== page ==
It is an object of the invention to emulate a terminal for a remote data processing system by providing the capability to connect external modules which can be handled by the original handling protocol of theterminal with the only constraint that each external module for insertion can be identified by the protocol. The word "module" should not be construed in the limitative sens of a pluggable casing containing read-only memories, but as designating any unit which may be handled as a whole and plugged into a connector with which the terminal is provided.
For that purpose, use has been made of an approach which is applied for interconnecting data processing and remote data processing systems, while relying on hardware and software which are however completely different. More precisely, the approach somewhat parallels that of the seven-layer interconnection ISO model and the attempts for standardization over the highest possible number of layers from the lowest layer.
Using that approach, there is provided an interactive terminal of the above-defined type which further comprises an extension device for extending the internal bus of the terminal to port means associated with connector means arranged to receive any one of a plurality of different external modules. The resident program includes a module management protocol suitable for interfacing with the internal protocols of the terminal. The management protocol achieves compatibility between the external modules and the internal protocols and protects said terminal in case of failure or lack of adaptability of the external module.
The connector, or each connector, is typically placed in a cavity formed in the casing of the terminal, protected by a swinging door, physical connection being via a reduced insertion force connector. The terminal is advantageously provided for receiving two modules each connected to the apparatus by means of a separate connector.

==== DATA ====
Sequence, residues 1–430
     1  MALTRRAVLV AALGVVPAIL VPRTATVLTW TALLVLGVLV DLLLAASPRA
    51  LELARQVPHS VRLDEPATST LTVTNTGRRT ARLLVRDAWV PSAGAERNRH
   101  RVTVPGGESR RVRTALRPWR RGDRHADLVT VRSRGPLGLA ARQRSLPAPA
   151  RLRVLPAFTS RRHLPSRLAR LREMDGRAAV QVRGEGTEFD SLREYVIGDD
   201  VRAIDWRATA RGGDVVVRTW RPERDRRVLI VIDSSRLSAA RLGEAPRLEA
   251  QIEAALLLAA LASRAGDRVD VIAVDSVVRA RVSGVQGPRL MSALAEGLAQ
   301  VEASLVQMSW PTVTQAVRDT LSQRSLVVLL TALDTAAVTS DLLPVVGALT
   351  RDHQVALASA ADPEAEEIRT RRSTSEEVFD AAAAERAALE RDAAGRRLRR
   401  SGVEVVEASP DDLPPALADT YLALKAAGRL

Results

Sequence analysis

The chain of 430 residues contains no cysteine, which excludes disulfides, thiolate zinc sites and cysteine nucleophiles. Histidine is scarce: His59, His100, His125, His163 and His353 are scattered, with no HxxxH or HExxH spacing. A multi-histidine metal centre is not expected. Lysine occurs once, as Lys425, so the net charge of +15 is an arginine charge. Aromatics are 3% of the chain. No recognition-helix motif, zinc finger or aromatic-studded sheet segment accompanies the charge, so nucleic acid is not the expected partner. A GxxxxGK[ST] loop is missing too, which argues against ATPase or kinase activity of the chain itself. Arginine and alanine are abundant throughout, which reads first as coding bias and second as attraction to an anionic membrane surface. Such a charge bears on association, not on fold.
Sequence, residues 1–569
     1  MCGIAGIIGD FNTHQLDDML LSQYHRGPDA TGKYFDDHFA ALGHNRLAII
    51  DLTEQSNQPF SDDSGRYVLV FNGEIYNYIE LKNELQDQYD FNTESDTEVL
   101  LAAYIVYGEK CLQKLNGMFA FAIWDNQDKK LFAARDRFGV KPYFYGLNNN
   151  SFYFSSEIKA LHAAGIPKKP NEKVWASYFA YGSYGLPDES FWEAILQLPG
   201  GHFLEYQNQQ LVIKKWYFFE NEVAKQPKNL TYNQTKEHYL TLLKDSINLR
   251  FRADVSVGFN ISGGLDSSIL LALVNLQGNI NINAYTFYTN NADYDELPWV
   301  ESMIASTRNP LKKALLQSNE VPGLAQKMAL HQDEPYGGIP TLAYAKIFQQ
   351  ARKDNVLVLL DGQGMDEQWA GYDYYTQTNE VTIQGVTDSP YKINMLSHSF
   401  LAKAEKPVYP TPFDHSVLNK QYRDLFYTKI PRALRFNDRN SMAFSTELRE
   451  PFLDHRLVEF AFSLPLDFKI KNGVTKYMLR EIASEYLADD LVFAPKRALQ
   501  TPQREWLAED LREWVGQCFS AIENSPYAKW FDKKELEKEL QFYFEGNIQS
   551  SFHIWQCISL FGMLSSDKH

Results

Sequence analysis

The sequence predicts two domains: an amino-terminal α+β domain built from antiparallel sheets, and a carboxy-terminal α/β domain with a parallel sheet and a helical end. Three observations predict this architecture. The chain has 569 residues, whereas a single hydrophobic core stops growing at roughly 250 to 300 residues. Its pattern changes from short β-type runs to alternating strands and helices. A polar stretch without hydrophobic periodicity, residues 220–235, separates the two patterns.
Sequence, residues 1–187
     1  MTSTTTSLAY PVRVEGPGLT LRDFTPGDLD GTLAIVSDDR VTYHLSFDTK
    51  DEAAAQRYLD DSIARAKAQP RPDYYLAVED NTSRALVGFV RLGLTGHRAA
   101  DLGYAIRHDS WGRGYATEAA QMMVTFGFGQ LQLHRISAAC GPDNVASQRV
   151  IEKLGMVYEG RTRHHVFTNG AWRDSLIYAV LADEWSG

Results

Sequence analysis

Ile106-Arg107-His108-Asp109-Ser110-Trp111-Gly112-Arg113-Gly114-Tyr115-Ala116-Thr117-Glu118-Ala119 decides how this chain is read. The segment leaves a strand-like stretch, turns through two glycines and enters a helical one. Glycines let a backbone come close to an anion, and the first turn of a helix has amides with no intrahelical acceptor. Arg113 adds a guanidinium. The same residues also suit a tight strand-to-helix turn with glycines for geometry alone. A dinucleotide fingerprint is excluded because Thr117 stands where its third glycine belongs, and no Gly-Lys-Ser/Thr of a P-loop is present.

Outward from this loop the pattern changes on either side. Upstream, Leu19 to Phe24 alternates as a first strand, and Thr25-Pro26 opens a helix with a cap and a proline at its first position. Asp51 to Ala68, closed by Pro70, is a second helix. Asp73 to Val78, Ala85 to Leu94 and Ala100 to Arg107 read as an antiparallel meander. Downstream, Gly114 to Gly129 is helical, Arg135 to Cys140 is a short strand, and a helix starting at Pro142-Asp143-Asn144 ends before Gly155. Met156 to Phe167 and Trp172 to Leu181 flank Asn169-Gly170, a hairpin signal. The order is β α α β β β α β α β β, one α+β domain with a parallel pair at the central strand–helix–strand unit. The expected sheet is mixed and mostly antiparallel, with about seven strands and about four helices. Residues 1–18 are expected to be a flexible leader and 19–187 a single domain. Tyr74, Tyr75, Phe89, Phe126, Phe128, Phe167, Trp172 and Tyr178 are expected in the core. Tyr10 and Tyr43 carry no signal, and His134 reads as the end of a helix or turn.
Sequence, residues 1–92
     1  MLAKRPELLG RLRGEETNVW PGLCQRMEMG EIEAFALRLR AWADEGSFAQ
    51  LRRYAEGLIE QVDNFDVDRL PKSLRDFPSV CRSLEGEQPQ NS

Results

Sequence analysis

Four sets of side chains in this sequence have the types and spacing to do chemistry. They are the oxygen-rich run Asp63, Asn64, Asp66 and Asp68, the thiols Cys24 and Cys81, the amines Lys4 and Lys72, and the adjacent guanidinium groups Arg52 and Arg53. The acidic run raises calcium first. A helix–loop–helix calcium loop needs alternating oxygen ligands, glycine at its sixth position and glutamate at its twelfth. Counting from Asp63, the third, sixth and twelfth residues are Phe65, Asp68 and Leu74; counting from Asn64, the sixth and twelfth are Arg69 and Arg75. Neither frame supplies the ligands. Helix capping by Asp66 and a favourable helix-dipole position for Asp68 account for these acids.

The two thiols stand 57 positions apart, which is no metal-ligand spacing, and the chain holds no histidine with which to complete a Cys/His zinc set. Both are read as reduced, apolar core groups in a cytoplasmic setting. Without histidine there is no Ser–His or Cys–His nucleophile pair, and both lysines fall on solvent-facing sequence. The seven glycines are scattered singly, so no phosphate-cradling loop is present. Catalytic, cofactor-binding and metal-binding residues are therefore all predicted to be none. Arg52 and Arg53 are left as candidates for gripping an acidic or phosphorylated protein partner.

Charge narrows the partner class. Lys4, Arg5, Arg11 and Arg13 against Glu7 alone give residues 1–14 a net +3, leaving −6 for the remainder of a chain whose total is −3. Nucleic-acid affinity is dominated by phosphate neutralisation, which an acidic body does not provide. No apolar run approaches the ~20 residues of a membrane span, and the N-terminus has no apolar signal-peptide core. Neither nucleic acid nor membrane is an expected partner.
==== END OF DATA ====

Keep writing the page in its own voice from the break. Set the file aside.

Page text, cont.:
The protocol for handling the external modules is incorporated in a switching monitor of the terminal which allows the terminal to take into account not only the external modules but also internal modules of the terminal. Thus, each external module may dialogue with any internal module or with the other external module. It can also be arranged for replacing not only the hardware but also part of the software of any one of the internal modules. The protocol for handling the external modules provides compatibility between the modules and the terminal and makes it possible to connect an appropriate external module on any one of the open terminals, belonging to different families, equipped with such a monitor.
As indicated above, the protocol for handling the external modules must provide services which are comparable to the first six layers of the ISO standardization, for the purpose of allowing communication at the seventh level (application layer). It is not necessary to describe here the ISO standardization since it is well known. Reference may however be made to documents summing up this standardization, for example to "Protocol standardization works its way up the ladder of the OSI model", ElECTRONICS, June 14, 1984, pp. 148-151.
For implementing the invention, the layers 1 to 6 of the OSI model correspond to the following functions:
Level 1 (physical layer): established on the bus of the terminal, completed by an extension.
Level 2 (link layer): procedure for transferring the information onto this bus.
Level 3 (network layer): routing and placing several peripheral data processing apparatuses in logic relation.
Level 4 (transport layer): safety of the information exchanges.
Level 5 (session layer): negotiation of the different services included in the peripheral logic sub-assemblies.